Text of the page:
If anything gets me, it’s a father-son story. I lost my own father, suddenly, to a heart attack in 1997, and in the years that followed, have had two boys of my own, the centers of my world. Any story, song, TV commercial, podcast, billboard, parking ticket, fortune cookie, tea leaf reading, or peyote dream that features a father and a son, I’m a sucker for it. Nothing affects my emotions more than they do, connecting to me at that level. Star Wars kind of bums me out. Wyeth paintings tear me up. The Griffeys homering back to back in a baseball game makes me wish my father and I were professional baseball players and we homered back to back in a game, too. I prefer Carl’s, Jr., to Hardee’s.
I’d not read a whole lot of Jess Walter before today, despite the fact he’s been writing great novels for decades, one of them, The Zero, a finalist for the National Book Award, which I keep tabs on. Might be that six of his books are novels, and I don’t read many novels, and his first story collection, We Live in Water, didn’t come out until 2013, though his stories have appeared in top journals for years. In fact, the first thing I ever read by Walter was his story “Cheston!” from the latest Willow Springs, a story a student presented to my class and I loved (so much so, I nominated it for a Pushcart Prize).
“Cheston!” got me ordering We Live in Water, the book I read for today’s post, and wouldn’t you know it, all three stories I read were father-son stories, none of them particularly happy stories, and damn it, he got me all emotional. Had to walk around a bit, kiss my boys on the forehead, think about Anakin and Luke and Abraham and Isaac and H. W. and W. and Ted Williams and his son who stole his head from that freezer. Then I was able to sit down and write this.
The lead story of the We Live in Water, “Anything Helps,” features an addict/homeless guy visiting his son at a foster home. A short from later in the book, “Can a Corn,” has a guy and his dying step-dad going fishing; as fishing is the ultimate symbol father-sonness, “Can a Corn” packs a particular punch in just two pages. The story I’m writing about today, the title story, “We Live in Water,” is the best of the lot, though, best at being the best story, and best for being a great, sad, emotion-tearing father-son ditty. I loved every word.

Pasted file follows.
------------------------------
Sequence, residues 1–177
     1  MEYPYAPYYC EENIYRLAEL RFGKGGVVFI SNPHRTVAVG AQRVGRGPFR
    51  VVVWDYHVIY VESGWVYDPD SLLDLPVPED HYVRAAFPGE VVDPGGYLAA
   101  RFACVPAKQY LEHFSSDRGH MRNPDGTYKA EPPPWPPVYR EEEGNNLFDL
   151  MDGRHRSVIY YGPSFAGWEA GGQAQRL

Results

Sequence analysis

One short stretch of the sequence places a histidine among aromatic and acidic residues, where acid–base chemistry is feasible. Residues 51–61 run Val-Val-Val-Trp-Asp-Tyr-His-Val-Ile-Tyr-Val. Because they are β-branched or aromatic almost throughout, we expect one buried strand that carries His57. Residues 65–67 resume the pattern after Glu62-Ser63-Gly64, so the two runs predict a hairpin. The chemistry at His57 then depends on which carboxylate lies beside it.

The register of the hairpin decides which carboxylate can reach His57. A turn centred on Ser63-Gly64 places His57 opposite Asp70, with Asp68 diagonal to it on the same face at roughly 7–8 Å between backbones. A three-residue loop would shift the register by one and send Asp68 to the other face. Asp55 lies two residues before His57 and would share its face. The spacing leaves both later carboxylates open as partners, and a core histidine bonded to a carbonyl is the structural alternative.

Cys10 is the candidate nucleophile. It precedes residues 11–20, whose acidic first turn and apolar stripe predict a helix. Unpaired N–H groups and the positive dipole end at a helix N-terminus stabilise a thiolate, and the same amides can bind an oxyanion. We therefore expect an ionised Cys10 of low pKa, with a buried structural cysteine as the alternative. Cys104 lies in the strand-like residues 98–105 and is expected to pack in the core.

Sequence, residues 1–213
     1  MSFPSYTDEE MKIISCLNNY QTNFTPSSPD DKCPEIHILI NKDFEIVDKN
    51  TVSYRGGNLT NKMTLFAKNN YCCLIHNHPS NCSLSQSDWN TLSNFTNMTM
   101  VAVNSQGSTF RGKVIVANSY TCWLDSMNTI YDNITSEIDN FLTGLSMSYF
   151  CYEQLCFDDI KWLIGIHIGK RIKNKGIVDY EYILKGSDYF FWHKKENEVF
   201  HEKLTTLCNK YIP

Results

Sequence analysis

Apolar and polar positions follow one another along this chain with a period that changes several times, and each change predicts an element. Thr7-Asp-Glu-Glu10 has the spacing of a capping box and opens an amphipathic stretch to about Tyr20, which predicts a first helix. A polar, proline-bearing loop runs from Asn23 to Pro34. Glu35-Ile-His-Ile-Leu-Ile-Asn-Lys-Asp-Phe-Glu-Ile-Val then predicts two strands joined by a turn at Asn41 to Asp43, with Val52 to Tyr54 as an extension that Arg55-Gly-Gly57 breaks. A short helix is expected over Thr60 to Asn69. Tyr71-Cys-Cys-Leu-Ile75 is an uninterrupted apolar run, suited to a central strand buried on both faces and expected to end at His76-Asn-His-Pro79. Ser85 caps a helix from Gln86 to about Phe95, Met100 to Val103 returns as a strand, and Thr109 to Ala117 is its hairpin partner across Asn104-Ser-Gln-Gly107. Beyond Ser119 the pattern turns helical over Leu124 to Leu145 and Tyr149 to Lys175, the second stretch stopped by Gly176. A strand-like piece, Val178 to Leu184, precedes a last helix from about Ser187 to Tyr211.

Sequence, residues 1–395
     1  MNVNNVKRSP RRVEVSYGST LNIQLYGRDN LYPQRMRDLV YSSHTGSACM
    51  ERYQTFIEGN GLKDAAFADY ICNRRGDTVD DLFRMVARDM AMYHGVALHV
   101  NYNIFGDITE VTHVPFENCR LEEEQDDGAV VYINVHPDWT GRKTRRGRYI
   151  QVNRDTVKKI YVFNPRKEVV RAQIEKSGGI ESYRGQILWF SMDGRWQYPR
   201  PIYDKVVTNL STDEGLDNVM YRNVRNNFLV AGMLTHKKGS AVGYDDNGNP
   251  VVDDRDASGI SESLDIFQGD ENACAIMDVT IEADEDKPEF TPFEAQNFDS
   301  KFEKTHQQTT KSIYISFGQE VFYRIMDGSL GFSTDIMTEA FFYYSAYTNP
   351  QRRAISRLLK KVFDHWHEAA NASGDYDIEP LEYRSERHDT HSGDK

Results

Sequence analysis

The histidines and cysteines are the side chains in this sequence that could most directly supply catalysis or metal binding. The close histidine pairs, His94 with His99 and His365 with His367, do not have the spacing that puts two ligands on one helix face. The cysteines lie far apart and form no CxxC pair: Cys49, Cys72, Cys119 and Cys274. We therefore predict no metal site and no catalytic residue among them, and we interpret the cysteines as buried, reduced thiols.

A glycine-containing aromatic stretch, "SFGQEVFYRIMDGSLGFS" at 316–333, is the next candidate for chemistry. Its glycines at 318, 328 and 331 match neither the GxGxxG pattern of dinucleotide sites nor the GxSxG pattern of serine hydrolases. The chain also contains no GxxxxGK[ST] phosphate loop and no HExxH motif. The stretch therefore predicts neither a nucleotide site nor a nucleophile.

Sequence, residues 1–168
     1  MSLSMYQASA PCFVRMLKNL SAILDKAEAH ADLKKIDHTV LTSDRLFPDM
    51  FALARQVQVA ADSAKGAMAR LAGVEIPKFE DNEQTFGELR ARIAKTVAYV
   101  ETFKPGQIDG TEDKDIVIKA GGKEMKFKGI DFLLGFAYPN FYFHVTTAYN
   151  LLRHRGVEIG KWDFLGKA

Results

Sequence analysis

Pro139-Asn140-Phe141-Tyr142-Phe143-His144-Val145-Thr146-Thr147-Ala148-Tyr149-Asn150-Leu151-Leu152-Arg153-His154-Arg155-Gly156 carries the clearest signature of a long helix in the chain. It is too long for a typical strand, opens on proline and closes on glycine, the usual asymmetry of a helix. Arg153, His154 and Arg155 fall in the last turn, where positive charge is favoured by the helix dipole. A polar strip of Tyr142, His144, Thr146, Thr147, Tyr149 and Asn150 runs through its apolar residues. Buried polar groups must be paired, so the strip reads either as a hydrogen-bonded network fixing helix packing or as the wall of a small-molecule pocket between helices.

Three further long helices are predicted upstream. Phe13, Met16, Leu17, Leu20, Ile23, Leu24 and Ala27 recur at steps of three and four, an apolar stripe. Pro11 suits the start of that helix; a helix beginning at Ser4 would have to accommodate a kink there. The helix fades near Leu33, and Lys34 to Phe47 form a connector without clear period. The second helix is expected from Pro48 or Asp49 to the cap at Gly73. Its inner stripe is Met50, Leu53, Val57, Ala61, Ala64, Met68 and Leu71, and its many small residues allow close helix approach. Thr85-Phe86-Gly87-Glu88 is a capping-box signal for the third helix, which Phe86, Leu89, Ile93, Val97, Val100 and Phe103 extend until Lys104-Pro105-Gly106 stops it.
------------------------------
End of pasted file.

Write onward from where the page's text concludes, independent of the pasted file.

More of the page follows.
“We Live in Water” is told in two eras, 1958 and 1992. Back in ’58, Oren Dressens is a dad, and a pretty terrible one, as he drags his son Michael around, looking to make amends with some bookies that he owes money to, not for gambling, but because he robbed them. The bookies know he did it, so Oren’s plan is to go straighten it out, more or less by apologizing. As expected, this isn’t a good idea, and bringing Michael along only makes it worse. Much, much worse. Skip ahead to 1992 and we find adult, recently divorced Michael trying to find his dad, who jumped a merchant marine ship in Seattle shortly after the events of the 1958 timeline. Walter alternates between the two eras, and as he moves through the story, we find out more about what happened to both Oren and Michael that day in 1958, the day Oren made even more dumb decisions than usual.
Walter’s prose is smooth and his worlds fully imagined, but most of all, his characters stand distinct. Oren, his poor decisions, his mannerisms, his tragic logic, all of that comes across on the first page. None of it makes him a loser, though, because his love for Michael won’t allow us to think that. It’s not just me, either, my father-son thing: Loving your kids makes you better, to some degree, no matter what you do, what you are. (And suddenly I’m thinking of that Sting lyric, the Russians love their children, too …yikes: Sting.) The protagonists in “Anything Helps” and “Can a Corn” are similarly complex, not merely vagrants or fishermen, but men making choices, steered by this same affection, this same humanity. The thing is, and maybe this is what Walter is trying to say in these stories (and perhaps the collection), it’s not always good enough, loving your kids. Everyone loves their kids, even the bastard sons of bitches of the world.
Jess Walter is another author whose party I’m arriving late to, and like so many others that fit this bill, I see that I’ve been missing out. But I’m here. I devoured the stories in We Live in Water, and maybe the rest of them feature fathers and sons, maybe not. I plan on finding out.